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In a microservice architecture, it is common for an API Gateway to perform API Composition (providing CQRS is not used) for queries to multiple services to combine data to make it ready for a front end client. There are options for non-query distributed calls though, one of which would be to call one of the services from the gateway and then have the services call (send messages to, etc.) each other in order to create or delete a (distributed) entity, preferably using sagas.

My question would be, is it okay to make non-query (POST, DELETE, etc.) calls to multiple services from an API Gateway, similar to how we do the API Composition for data queries, and even abolish the services-call-each-other approach altogether? What are the pros and cons of such approach, and is it actually used (or frowned upon) in real production systems?

I draw a simplified diagram to better illustrate what we're comparing here.

diagram

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In short, the more dependencies you have, and the more centralized your architecture is, the less independent and less maintainable your solution becomes.

If you develop your architecture from scratch, you would not have any need for an "API Gateway", because you would create services that work independently, as far as possible. Each service should be able to serve its use-case completely independently.

Normally in these cases the workflow might be defined by the server by providing links and forms, so the client can execute a workflow without it being hardcoded.

Second best solution to this is that services call each other. This is a hard dependency between services, needing coordination between development teams and a runtime dependency. Not good, but acceptable for some use-cases.

Worst solution is when a Gateway coordinates everything. Not only is it a hard dependency, but a central hard dependency on every service that contributes. It's a bottleneck organizationally and of course runtime. This may be necessary sometimes, but should be avoided if at all possible.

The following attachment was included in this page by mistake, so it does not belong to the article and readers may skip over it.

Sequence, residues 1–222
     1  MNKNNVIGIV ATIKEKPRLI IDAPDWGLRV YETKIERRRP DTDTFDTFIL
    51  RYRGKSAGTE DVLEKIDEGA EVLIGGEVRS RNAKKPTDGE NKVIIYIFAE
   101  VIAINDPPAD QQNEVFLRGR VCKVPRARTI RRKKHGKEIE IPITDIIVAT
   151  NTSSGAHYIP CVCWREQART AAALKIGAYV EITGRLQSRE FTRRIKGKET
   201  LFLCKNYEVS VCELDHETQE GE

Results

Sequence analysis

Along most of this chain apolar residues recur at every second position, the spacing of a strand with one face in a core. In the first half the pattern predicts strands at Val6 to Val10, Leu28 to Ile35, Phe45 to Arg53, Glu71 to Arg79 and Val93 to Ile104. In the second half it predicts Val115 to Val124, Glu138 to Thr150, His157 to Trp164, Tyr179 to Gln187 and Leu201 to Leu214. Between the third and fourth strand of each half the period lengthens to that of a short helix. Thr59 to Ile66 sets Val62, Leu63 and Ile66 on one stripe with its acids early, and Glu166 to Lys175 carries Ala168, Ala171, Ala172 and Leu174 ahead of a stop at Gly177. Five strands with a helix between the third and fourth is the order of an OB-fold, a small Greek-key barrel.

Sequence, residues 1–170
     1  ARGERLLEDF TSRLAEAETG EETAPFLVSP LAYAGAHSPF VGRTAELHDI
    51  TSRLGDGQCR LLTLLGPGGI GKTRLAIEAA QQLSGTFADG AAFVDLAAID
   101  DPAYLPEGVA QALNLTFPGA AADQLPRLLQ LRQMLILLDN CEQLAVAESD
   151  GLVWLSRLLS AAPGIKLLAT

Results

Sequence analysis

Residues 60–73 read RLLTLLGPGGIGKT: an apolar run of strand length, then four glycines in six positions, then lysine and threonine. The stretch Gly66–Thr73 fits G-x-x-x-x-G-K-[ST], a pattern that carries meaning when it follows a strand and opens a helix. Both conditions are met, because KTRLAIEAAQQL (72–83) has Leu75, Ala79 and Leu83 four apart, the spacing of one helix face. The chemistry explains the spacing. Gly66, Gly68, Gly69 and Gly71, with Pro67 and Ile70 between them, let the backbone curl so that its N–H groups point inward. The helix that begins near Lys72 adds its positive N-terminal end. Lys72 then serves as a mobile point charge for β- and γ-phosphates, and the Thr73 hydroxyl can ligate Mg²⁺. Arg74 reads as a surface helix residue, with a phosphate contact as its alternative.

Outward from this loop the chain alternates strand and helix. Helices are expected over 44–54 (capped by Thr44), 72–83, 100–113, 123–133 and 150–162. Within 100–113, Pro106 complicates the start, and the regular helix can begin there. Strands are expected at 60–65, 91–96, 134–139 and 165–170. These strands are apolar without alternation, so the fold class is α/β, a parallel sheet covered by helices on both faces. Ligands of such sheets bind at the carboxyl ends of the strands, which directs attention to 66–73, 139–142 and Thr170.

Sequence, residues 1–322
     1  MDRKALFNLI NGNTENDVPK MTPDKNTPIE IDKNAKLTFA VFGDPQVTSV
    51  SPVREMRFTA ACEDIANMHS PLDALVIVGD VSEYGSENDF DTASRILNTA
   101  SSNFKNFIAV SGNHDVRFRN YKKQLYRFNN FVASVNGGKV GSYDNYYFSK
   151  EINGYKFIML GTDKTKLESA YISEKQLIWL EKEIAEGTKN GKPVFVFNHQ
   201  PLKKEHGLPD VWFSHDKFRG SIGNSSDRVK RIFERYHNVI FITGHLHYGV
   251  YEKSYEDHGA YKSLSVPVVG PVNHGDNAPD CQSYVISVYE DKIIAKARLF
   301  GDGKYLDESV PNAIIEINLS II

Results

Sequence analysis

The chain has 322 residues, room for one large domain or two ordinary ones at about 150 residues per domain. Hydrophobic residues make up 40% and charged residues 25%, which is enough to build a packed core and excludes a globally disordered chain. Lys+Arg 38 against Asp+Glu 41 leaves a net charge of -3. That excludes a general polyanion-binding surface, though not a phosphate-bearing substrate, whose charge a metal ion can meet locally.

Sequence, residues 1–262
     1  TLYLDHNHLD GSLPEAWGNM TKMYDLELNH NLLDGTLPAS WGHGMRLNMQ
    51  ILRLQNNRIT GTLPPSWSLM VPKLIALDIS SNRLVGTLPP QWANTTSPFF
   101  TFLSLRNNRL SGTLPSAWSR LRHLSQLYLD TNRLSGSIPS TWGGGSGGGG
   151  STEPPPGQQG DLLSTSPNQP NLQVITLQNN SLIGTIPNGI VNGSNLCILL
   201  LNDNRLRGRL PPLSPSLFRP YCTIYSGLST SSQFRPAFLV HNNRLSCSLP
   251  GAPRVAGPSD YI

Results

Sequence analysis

With all that said: I would go for solution on the right. That is, I would try to not leak use-case specific information into the Gateway. But as said, I would try really hard not to have an API Gateway in the first place.

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  • I have several additional questions. 1) If I understand correctly, you suggest using something like HATEOAS, but without the API gateway, meaning that clients would call the services they need and, if necessary, receive further request details in a HATEOAS fashion, right? 2) What if then it's impossible to get rid of the data distribution across the services, and you need to somehow combine data pieces in order to fulfill the request, which will probably be inefficient if done on front end? 3) Could you share some useful materials to read/watch about the gatewayless microservice architecture? Jan 20 at 20:27
  • 1) Yes. Hypermedia implies that nobody other than the server knows the workflow. I.e. you can't "orchestrate". Client only sees URIs, doesn't know or care whether that is the "same service" or not. 2) 3) Thinking about this is basically asking yourself how you would do it in HTML for people. When was the last time you couldn't design a web-site where the user sees everything relevant on the same page? I recommend thinking about services as web-sites rather than data sources. Jan 21 at 10:01
  • I would try really hard not to have an API Gateway in the first place. API Gateways are common elements of MS architectures, but they aren't a MUST as @RobertBräutigam is pointing out. API Gateways become essential when you manage APIs on large scale, APIs belonging to many and different contexts (or business scopes) within the company and you need to provide the company with a single entry point to this ecosystem of APIs. Entry point where to apply once all the security policies, documentation, availability, etc...
    – Laiv
    Jun 21 at 10:05

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